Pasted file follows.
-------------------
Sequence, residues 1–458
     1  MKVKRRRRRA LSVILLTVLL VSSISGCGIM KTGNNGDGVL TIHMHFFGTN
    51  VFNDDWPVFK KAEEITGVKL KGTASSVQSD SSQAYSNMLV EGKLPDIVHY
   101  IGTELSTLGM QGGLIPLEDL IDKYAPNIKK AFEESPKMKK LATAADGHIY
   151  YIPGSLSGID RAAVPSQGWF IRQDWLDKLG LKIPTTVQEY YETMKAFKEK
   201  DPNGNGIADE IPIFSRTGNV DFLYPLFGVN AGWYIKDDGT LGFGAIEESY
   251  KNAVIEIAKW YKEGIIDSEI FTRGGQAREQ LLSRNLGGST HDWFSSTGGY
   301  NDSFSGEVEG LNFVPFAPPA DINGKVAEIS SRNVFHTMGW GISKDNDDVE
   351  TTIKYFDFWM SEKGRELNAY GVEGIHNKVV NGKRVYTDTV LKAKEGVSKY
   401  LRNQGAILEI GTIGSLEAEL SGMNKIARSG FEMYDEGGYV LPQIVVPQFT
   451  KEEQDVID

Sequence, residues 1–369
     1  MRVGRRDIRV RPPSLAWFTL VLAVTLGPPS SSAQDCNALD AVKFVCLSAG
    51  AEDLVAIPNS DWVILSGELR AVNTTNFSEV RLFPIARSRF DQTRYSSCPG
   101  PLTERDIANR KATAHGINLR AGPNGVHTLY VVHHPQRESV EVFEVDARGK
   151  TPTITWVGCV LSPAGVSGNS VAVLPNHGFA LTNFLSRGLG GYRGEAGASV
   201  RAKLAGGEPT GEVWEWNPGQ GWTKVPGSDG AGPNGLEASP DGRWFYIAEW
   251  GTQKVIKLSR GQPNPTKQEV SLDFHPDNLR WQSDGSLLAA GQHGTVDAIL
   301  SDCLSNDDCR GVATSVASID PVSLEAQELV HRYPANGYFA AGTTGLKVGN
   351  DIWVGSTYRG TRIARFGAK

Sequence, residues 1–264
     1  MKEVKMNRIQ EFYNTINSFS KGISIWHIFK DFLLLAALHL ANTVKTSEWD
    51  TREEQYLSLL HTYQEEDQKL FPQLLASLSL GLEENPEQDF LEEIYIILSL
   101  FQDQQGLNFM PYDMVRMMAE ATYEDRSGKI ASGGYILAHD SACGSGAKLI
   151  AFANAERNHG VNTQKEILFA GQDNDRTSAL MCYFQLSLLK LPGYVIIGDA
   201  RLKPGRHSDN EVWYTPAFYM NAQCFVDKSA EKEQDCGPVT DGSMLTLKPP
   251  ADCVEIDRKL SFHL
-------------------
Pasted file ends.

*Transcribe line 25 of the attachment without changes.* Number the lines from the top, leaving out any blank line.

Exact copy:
   151  AFANAERNHG VNTQKEILFA GQDNDRTSAL MCYFQLSLLK LPGYVIIGDA